“I’m actually wearing it right now,” teases Skarsgård, joking about the brouhaha regarding this Tarzan’s more civilized article of clothing as he portrays the jungle warrior in Warner Bros.’ new take on a classic tale. “I do all my phoners in a loincloth.”
The 39-year-old True Blood alum beams throughout our revealing conversation with contributor Chris Azzopardi, which leads to all sorts of places: being poisoned by Lady Gaga, how other straight men should approach a gay sex scene (“dive in”), and why, after giving us his best Farrah Fawcett impersonation last year, shooting Tarzan “was nothing compared to that night in drag.”
— Chris Azzopardi
They do. Is that surprising to hear? Well, I don’t know. … Thank you. That’s very flattering to hear. It’s always been the most natural thing to me because my uncle and godfather is a gay man and so growing up, even as a little toddler, it was just as natural as being straight. My aunt would show up with her husband and my uncle would show up with his husband. He was, by far, out of my father’s four siblings [Alexander’s father is actor Stellan Skarsgård], the most fashionable and the most trendy, cool guy. So, when I was a kid, he was the one I looked up to. I thought he was really badass: fit and awesome and cool, and obviously not because he was gay. When I became a teenager and the kids made fun of other teenagers who were gay, I never really understood that. It just baffled me because my idol, my godfather, was gay, and he was the coolest guy I knew. I just couldn’t understand how that could be an insult.
That kind of personal relationship can change everything for somebody. I agree. And I think a lot of the xenophobia and fear comes from that, from not having a personal connection. People that know someone close that they love who is homosexual or bisexual are more likely to sympathize with people in the LGBT community.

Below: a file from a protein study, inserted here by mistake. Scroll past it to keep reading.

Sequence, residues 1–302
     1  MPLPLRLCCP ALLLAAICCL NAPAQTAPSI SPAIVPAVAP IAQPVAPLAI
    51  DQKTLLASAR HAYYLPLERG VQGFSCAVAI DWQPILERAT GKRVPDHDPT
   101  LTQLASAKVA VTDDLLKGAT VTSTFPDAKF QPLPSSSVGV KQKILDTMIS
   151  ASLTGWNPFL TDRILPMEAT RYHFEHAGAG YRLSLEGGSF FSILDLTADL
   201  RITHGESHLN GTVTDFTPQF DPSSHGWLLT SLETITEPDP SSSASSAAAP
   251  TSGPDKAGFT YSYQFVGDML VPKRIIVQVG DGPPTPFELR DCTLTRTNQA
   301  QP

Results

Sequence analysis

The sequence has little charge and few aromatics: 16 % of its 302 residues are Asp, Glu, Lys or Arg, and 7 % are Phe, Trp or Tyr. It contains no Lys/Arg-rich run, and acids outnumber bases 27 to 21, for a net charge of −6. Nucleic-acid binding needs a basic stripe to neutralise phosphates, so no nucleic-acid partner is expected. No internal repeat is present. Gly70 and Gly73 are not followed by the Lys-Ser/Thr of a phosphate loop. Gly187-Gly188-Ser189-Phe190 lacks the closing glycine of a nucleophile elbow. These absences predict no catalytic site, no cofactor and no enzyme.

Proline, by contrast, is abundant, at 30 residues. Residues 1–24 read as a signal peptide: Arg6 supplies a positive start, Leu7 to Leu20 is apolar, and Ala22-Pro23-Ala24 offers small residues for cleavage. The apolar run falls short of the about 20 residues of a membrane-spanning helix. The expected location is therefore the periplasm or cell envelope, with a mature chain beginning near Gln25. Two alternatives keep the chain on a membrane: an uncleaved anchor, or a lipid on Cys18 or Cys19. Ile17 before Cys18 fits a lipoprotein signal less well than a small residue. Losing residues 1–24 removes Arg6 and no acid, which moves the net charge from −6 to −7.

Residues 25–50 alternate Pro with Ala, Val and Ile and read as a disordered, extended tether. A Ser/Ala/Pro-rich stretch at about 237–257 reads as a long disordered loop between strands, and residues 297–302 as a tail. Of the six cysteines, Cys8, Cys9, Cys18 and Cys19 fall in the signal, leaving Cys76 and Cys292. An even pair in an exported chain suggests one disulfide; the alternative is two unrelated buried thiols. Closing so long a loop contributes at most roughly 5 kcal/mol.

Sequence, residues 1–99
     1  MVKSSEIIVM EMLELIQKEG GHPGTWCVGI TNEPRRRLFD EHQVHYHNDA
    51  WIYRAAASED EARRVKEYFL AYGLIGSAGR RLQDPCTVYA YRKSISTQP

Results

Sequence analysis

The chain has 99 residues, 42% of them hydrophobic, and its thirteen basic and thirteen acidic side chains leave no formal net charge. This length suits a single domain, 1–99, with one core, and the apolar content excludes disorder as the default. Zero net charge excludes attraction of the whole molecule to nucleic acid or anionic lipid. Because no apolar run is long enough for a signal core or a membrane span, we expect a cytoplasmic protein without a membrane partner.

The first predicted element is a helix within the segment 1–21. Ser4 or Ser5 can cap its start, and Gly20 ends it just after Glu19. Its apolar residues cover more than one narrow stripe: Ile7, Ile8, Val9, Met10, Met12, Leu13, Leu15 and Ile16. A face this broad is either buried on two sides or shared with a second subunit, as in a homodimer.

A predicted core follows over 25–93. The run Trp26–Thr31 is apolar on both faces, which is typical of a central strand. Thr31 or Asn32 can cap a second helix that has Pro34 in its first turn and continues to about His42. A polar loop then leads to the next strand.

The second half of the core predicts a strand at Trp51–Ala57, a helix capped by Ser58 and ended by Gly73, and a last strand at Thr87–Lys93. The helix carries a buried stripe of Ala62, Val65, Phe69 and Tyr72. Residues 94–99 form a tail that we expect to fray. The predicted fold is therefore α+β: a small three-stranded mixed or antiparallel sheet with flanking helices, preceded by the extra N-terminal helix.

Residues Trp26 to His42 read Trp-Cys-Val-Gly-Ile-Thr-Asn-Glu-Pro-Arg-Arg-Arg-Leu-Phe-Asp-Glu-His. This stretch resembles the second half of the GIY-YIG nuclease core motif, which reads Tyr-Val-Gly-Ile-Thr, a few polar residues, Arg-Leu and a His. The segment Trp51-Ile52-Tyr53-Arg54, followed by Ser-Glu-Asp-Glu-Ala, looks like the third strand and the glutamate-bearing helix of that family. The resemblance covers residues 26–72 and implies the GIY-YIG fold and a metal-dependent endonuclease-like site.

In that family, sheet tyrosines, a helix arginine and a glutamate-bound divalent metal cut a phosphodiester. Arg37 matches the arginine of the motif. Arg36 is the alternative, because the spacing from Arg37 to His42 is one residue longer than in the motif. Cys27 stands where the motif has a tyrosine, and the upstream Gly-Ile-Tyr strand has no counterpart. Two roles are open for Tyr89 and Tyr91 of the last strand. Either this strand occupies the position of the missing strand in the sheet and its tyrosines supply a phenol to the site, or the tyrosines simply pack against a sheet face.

The Legend of Tarzan is, in part, about making your own family. How might that resonate with the LGBT community? In a way, he’s lost between two worlds, he doesn’t fit in. He’s adopted by these apes, and even though emotionally he’s an equal and he’s loved, he can feel that he’s different. Then he goes to London and it’s kind of the same. He looks like people around him, but he also doesn’t fit in there either. That sense of being an outsider and trying to fit in or finding your home and your place in the world – it’s interesting to explore that. He’s a character who, on the surface, has it all – this gorgeous, wonderful wife; incredible wealth; beautiful mansion – but people don’t understand him, really, and his heart is still in the jungle.
Have you ever felt like an outsider? I can relate to the feeling of being somewhere between two worlds. I was born and raised in Stockholm, but I’ve lived in the States for 12 years. In a way, I feel at home when I go to Stockholm, but it hasn’t been my permanent home for 12 years. So, there are a lot of things that make me feel like an outsider: cultural references, the music scene, the arts scene, theater, what’s going on back home in movies; other references make me feel out of touch too.